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Democratic Failure in the Czech Republic? The Communist Party Revives

Czech Pres. Milos Zeman
PRAGUE, CZECH REPUBLIC—The Czech Republic is one of the most successful members of the former Soviet Empire. Yet Czechs with whom I recently spoke fear liberty is in retreat.  The former Communist Party might reenter government after elections later this month. 

Czechoslovakia was “liberated” by the Red Army at the end of World War II.  Communist reformers attempted to inaugurate “socialism with a human face” in 1968, but that triggered Soviet military intervention. 

After the Berlin Wall fell on November 9, 1989, the so-called Velvet Revolution ousted the Czech Communist Party.  Czechoslovakia soon adopted wide-ranging free market economic reforms and split into the Czech Republic and Slovakia.  

In March, Milos Zeman became the country’s first popularly elected president.  Since then the former Social Democratic prime minister has roiled Czech politics by claiming ever more expansive authority. 

Most dramatically, after the prime minister’s summer resignation President Zeman appointed a leftist government against the wishes of the parliamentary majority.  The new cabinet lost a vote of confidence, but remains as caretaker until the upcoming election. 

Analysts disagree over whether President Zeman is merely pushing the outer bounds of constitutional interpretation or actually breaking the rules.  However, the public appears less concerned about the latter’s political maneuvers. 

Equally controversial are the president’s policies.  For instance, he reversed course on the EU after appealing to supporters of his predecessor, the Euro-skeptic Vaclav Klaus, during the presidential campaign. Once in office President Zeman signed the European Stability Mechanism, the EU bail-out fund, advocated common European fiscal, tax, foreign, and defense policies, and supported adopting the Euro as the Czech currency.

The greater worry is the revival of the Communist Party.  As memories of Communist repression fade, some Czechs long for the perceived stability of the past. 

The party’s revival is particularly incongruous because the Communist Party of Bohemia and Moravia, or KCSM, remains largely unreconstructed.  In fact, it is the only Communist Party in Eastern Europe which still unashamedly calls itself Communist. 

In 1996 the Party called its 40 year rule “one of the greatest periods of social and economic growth.” Two years ago the KCSM offered its condolences to North Korea after the death of dictator Kim Jong-il in 2011. 

The Party has benefited from the collapse of the Civic Democratic Party (ODS)—the leading party on the right since it was founded by Klaus more than two decades ago.  Polls put it and former coalition partner Tradition Responsibility Prosperity 09 (TOP 09) at under 20 percent combined.

Scandal forced out ODS Prime Minister Petr Necas in the summer.  Moreover, the Czech Republic has only begun to recover from a recession stretching back to 2011. 

The Communists seen an opportunity to reenter government.  Vice Chairman Jiri Dolejs said the idea of allowing the KCSM into government is “losing its taboo as a topic for conversation.” 

The Social Democrats long refused to cooperate with the KCSM in parliament.  However, desire for power is causing the CSSD to rethink its policy. Social Democratic Senator Jiri Dienstbier, Jr., who also ran for president, told foreign correspondent James Kirchick:  “it’s not like they pose a threat to the democratic system in the country.”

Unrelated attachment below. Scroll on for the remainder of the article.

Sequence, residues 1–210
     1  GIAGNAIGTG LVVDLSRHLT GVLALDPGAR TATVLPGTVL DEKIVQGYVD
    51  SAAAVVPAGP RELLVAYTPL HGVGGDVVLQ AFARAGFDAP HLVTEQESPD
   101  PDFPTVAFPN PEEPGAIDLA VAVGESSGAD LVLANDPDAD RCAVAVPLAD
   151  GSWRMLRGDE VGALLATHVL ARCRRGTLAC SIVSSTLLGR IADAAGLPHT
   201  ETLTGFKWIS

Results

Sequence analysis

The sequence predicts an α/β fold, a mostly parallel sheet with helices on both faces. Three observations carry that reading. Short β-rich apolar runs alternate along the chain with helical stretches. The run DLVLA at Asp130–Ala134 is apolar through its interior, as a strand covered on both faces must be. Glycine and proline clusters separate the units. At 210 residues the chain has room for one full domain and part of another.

The KCSM holds 11 percent of the seats in the Chamber of Deputies, the highest share for former communists in any European parliament.  With the Social Democrats receiving close to a third and the Communists topping 20 percent in polls for the upcoming parliamentary election, the new government could involve either formal coalition or informal cooperation between these two parties.

However, President Zeman might derail this simple outcome.  Once a Social Democrat, he has established the Party of Citizens’ Rights Zemanovci (SPOZ), which appears likely to pass the five percent threshold and win seats in parliament for the first time.  Other possible entrants include the Christian Democrats, the Greens, and a new party, Action of Dissatisfied Citizens 2011 (ANO 2011), established by billionaire entrepreneur Andrej Babis.  The more divided the upcoming vote, the more complex the process of forming a government.

Still, the mere possibility of a Communist revival generates concern.  Warned Kirchick:  “The return to government of communists in a former Soviet-bloc country would be a jolt for Europe, a blow to the project of improving democracy and free markets—and, in its way, a reflection of the cost of Europe’s current turmoil.”

The Czech Republic’s future obviously is up to the Czech people.  Nevertheless, they should ponder carefully before entrusting their future to the party which so badly failed them in the past.  Whatever the question, it is hard to imagine the Communist Party to be the answer.

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This is so disheartening to hear. Prague is such a beautiful city and its people were so proud to be out from under Communism. It seems such a shame they would forget the repression they once experienced. America is on its way to the same repression and its citizens are either too young to remember the dangers of letting this happen, indifferent or indoctrinated. Citizens of the world need to constantly strive for their freedom, which many Americans are now fighting to keep. May God be in control.